There were many examples last month of organizations screwing up and resulting in crises badly handled. We could have piled on PwC for the Oscars, but given that Hollywood obsessed about it for weeks, it was hard to find much more to say. And of course, we would have loved to weigh in on the great leggings-on-United kerfuffle clinging to Twitter as, well, leggings do. But frankly, in these times, all that seemed trivial compared to a couple of serious crises plaguing America’s military.
When a massive, five-alarm fire broke out on a Saturday evening in busy Gilbert, Arizona, a Phoenix suburb home to nearly 250,000 residents, the Gilbert Fire and Rescue Department partnered with Gilbert’s Digital Communications Department to take a teamwork and technology approach to communication and community outreach. Here’s how they did it.
Whatever one’s stance is regarding United’s decision to uphold its dress code policy, one thing is clear: United’s response has been swift and consistent across channels. Responding and listening in a crisis, though, are two very different—and sometime disconnected—things.
Our weekly roundup of stories, trends and personnel moves in PR and communications. This week we feature a story timed to International Women’s Day, a reminder about why communicators need to monitor employees’ social media accounts 24/7 and a fond remembrance of Finn Partners’ Anne Glauber.
A video showing Uber CEO Travis Kalanick lashing out at an Uber driver put the company back in the media spotlight. Rival ride-service company Lyft might consider saving some money and suspending all advertising expenditures—Uber’s CEO might as well be on their payroll.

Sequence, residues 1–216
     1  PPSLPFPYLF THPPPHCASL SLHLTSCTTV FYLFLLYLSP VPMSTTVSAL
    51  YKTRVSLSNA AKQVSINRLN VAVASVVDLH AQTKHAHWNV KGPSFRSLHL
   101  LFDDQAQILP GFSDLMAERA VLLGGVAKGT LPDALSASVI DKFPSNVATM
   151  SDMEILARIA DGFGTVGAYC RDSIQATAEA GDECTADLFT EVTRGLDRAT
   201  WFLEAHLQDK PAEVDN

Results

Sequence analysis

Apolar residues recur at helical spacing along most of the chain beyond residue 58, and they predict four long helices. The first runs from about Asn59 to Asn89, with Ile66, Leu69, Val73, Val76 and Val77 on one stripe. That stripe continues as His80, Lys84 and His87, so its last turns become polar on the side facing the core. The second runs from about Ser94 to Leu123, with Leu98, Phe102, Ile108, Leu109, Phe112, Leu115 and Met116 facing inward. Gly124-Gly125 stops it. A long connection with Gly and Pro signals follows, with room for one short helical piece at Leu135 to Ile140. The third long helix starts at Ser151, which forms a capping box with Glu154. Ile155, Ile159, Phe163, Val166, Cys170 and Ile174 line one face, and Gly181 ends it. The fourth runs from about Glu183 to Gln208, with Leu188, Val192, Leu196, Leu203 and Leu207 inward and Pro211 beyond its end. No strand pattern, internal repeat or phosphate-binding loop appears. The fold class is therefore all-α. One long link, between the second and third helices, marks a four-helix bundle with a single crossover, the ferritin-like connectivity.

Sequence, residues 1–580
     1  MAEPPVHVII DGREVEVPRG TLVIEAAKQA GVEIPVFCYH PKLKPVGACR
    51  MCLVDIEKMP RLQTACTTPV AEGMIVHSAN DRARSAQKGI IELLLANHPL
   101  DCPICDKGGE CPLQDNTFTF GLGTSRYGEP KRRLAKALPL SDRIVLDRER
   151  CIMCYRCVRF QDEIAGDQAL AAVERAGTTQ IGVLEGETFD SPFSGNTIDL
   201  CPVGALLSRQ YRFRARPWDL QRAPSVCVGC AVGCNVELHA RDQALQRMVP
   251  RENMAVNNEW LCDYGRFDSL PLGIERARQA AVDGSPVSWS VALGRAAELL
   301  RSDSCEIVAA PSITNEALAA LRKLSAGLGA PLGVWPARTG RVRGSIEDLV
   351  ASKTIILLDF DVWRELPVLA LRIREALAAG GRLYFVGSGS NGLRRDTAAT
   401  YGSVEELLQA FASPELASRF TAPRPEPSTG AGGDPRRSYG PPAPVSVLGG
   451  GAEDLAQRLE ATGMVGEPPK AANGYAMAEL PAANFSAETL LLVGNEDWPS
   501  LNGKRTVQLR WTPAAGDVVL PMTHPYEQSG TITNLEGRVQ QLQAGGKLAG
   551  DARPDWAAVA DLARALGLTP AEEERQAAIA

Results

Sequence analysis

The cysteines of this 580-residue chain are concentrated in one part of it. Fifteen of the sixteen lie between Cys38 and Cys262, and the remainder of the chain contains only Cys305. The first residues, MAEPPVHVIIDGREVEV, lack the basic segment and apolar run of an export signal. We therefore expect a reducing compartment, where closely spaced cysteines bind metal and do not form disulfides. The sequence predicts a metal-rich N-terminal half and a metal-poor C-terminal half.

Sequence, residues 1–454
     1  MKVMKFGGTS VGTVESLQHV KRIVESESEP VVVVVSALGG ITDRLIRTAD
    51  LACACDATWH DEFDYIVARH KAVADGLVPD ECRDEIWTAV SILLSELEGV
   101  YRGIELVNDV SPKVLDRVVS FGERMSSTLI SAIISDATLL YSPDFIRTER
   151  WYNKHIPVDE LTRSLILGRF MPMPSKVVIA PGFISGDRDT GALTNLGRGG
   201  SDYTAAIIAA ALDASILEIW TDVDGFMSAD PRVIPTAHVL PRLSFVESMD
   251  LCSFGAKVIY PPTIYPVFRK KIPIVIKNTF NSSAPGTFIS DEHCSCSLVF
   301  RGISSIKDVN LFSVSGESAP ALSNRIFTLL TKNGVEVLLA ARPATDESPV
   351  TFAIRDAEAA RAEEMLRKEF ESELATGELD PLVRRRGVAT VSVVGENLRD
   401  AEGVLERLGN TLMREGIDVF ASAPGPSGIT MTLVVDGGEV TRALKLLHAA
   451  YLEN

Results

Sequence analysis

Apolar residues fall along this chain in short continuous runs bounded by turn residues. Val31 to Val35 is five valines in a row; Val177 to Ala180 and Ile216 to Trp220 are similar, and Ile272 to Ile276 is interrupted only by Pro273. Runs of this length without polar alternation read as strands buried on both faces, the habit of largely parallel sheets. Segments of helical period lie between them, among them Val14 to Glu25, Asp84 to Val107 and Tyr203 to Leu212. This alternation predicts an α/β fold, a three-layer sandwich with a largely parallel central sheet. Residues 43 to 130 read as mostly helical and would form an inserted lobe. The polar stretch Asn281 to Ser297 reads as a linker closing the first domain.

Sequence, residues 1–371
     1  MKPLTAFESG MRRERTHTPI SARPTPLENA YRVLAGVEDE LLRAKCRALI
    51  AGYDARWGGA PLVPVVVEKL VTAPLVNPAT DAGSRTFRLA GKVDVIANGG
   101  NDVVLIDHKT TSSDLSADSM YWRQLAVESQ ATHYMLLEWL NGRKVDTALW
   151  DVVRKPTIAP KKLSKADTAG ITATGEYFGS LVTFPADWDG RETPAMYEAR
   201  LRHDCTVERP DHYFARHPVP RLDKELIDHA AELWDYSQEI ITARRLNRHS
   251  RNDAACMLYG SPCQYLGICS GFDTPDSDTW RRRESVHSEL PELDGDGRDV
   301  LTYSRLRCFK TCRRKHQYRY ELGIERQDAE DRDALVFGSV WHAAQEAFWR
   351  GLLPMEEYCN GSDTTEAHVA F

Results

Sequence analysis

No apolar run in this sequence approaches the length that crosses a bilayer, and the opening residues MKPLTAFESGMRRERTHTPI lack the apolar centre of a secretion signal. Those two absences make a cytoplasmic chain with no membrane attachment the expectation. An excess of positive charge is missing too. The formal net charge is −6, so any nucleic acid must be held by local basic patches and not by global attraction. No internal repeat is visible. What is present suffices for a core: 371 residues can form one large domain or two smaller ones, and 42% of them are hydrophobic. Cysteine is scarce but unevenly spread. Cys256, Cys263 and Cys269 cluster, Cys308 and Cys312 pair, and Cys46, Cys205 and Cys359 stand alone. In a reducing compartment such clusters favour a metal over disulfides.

The blame for the Moonlight/La La Land mix-up seems to be falling on PwC, caretakers of the Oscar ballots, whose carefully guarded “ballot briefcase” tours the nation each year on its way to Hollywood. The accounting firm tweeted an early-morning statement, but has otherwise remained quiet on social media.
In today’s personality-driven culture, it’s sometimes hard to sort out whether it’s the guy at the top who causes a crisis or the culture he has created within the organization. Either way, most of the time, a crisis starts at the top. But in 2017, one could make the case that cultural and social norms are exerting a greater influence than the people in charge. The crises we’ll examine here, PewDiePie/Youtube/Disney/Google and Uber’s latest, we would argue, owe as much if not more to changing norms than to corporate leadership.
In today’s rapid-fire world of communications, brand reputations can be torn down in a moment by a single tweet or Facebook post. One of the major facets of being prepared for such a crisis is having a staff that’s ready to respond and rebuild at a moment’s notice. To investigate the process behind preparing staff for a calamity, PR News opened its Crisis Management Boot Camp on Feb. 23 with a session on building a flameproof crisis team.
It’s too early to say with a lot of certainty, but it appears Uber has absorbed several PR lessons concerning crisis management. It’s had a fair amount of practice. The most recent incident for the SF-based company has Susan Fowler, a former employee, penning a widely circulated blog post about sexual harassment at Uber. It’s hard to fault the response of the company’s CEO, Travis Kalanick, this time. He’s taken several of the basic steps of crisis management and done so promptly.
When social media channels started to emerge in the early 2000s, many of us thought these platforms would improve business understanding and help break down barriers between companies and their critics. More than a decade later, it hasn’t exactly turned out that way. These days the chatter in business sanctums is more about the weaponization of social media. Twitter, Facebook and others are being used to denigrate, belittle and demonize brands as well as the people who run them.